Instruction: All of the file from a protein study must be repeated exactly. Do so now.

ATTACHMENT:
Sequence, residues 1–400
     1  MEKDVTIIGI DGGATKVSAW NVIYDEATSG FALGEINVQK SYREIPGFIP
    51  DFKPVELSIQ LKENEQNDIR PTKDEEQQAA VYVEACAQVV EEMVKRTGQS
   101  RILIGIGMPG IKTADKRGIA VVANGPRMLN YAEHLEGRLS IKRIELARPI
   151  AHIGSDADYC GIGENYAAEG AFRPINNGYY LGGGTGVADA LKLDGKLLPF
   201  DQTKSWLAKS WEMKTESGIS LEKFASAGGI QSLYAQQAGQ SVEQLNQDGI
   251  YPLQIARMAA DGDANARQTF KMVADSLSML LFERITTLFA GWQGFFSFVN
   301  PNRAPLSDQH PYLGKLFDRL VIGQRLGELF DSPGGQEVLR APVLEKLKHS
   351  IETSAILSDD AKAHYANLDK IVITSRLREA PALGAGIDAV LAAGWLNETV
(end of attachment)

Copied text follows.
Sequence, residues 1–400
     1  MEKDVTIIGI DGGATKVSAW NVIYDEATSG FALGEINVQK SYREIPGFIP
    51  DFKPVELSIQ LKENEQNDIR PTKDEEQQAA VYVEACAQVV EEMVKRTGQS
   101  RILIGIGMPG IKTADKRGIA VVANGPRMLN YAEHLEGRLS IKRIELARPI
   151  AHIGSDADYC GIGENYAAEG AFRPINNGYY LGGGTGVADA LKLDGKLLPF
   201  DQTKSWLAKS WEMKTESGIS LEKFASAGGI QSLYAQQAGQ SVEQLNQDGI
   251  YPLQIARMAA DGDANARQTF KMVADSLSML LFERITTLFA GWQGFFSFVN
   301  PNRAPLSDQH PYLGKLFDRL VIGQRLGELF DSPGGQEVLR APVLEKLKHS
   351  IETSAILSDD AKAHYANLDK IVITSRLREA PALGAGIDAV LAAGWLNETV